"Nowadays it seems we all want to be free and do these things but not in my kitchen. Anyway I think all that stuff is over now. I think all that was very gimmicky anyway. I don't feel pressure to do things like that," he says. "I have my own ways in the kitchen. Hygeine is the most important thing. We have different sections for everything and people in charge of each section. "Cooks spend more time cleaning than cooking. In a normal house the most annoying job is cleaning the dishes. In my profession there has to be organisation and discipline.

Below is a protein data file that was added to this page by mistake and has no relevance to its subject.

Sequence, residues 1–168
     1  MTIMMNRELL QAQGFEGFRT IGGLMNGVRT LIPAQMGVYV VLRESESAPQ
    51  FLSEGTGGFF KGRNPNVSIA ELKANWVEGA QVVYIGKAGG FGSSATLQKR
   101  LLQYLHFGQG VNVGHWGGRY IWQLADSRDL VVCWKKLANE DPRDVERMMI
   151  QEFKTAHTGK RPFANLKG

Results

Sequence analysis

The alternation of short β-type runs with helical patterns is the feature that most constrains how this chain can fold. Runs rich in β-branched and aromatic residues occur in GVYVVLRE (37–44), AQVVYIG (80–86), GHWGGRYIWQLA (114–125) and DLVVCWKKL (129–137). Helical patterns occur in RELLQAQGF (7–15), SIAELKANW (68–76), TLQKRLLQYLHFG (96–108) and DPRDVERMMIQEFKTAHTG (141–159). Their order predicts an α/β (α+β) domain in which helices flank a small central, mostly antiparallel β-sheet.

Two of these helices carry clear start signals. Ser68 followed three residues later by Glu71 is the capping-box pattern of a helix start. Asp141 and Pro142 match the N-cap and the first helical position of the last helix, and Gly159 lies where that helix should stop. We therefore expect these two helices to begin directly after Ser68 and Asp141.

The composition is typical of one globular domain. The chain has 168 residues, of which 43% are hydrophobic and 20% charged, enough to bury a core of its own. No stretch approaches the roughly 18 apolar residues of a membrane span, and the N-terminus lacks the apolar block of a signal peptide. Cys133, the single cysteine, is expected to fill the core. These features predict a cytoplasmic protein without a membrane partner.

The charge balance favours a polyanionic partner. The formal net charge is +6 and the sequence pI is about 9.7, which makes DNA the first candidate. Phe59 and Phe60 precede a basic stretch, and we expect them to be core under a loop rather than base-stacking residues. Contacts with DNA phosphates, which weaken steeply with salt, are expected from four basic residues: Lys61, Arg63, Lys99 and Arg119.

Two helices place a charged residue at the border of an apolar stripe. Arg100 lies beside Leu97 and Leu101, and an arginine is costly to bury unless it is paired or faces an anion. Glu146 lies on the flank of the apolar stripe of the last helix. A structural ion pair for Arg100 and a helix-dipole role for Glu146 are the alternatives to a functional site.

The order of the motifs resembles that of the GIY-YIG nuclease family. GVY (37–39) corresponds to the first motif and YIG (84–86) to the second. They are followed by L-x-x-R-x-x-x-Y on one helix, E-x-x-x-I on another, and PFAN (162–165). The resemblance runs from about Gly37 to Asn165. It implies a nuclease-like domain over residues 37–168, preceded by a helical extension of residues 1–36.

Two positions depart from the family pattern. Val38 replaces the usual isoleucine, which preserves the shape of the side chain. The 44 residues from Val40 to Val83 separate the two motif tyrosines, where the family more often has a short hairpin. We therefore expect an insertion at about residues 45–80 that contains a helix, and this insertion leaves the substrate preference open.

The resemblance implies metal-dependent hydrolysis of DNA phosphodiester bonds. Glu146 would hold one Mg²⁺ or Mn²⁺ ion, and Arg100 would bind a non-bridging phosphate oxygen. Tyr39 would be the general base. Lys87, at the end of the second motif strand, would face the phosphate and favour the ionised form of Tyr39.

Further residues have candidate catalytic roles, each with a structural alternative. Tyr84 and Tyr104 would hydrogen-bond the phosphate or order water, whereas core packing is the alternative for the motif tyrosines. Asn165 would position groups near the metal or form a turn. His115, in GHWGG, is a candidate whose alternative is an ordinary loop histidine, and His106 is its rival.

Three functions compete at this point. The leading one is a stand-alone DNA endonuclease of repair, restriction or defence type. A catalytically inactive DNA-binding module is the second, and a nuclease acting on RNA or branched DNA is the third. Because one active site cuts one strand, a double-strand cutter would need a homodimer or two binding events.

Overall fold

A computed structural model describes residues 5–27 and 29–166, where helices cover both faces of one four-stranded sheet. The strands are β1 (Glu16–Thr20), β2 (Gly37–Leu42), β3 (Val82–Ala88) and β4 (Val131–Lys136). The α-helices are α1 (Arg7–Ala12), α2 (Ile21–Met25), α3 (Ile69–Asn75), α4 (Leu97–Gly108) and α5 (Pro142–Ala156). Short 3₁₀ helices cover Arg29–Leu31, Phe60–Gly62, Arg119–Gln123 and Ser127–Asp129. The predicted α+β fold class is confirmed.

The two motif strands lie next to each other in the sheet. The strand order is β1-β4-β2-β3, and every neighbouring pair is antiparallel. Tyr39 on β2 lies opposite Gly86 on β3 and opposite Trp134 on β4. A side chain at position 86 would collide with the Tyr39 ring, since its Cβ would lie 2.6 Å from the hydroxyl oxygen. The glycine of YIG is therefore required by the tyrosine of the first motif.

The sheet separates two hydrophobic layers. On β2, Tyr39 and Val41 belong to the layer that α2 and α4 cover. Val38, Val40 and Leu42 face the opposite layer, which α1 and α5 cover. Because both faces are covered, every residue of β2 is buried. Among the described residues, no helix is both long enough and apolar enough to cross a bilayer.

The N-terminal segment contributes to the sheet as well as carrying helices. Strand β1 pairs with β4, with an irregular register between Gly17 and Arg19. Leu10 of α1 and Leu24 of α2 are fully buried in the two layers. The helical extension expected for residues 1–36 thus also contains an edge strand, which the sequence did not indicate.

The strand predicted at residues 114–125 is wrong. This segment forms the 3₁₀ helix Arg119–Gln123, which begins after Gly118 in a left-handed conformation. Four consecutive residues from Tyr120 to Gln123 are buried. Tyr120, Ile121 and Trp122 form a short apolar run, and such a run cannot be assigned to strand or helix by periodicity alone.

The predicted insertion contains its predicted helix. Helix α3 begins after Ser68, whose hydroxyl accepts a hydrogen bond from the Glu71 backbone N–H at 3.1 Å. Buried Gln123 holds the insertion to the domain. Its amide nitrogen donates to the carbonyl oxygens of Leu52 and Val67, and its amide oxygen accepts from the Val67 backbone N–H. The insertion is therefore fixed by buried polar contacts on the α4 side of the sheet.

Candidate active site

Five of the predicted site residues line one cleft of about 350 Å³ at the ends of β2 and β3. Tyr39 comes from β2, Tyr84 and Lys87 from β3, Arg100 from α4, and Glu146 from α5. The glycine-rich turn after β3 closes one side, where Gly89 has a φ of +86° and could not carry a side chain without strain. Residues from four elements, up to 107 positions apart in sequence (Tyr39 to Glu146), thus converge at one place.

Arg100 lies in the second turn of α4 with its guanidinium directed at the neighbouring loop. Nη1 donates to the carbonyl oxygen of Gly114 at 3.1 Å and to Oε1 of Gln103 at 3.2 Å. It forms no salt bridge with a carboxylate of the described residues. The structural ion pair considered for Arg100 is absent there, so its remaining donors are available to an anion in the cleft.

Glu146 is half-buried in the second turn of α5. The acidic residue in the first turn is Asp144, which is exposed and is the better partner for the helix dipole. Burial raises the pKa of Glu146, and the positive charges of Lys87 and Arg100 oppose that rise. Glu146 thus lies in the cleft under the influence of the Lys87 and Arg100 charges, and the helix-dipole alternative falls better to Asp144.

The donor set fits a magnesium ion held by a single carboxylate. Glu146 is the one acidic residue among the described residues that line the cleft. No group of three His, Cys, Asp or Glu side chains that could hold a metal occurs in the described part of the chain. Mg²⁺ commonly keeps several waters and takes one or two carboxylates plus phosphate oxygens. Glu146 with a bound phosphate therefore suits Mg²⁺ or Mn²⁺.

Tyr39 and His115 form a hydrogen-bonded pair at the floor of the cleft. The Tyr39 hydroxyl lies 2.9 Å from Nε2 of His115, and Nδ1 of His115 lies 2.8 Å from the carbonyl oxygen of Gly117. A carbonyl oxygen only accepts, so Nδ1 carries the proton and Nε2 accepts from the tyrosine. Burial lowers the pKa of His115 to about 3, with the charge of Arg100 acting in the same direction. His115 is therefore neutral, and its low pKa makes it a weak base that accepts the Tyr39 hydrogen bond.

"We are always washing our hands. When the cook touches the ingredients he has a better feeling about the food. The best touch you can get with the food is with the bare fingers without rubber gloves." He is proud of his Michelin stars and never takes them for granted. "After 25 years you begin to think they are your own stars, but really they are only lent to you. It's like an illusion, a life project and you have to keep working at it. My restaurant at Can Fabes is the heart of everything and if you don't keep up the heart and look after it everything else will die. So I will always keep on trying."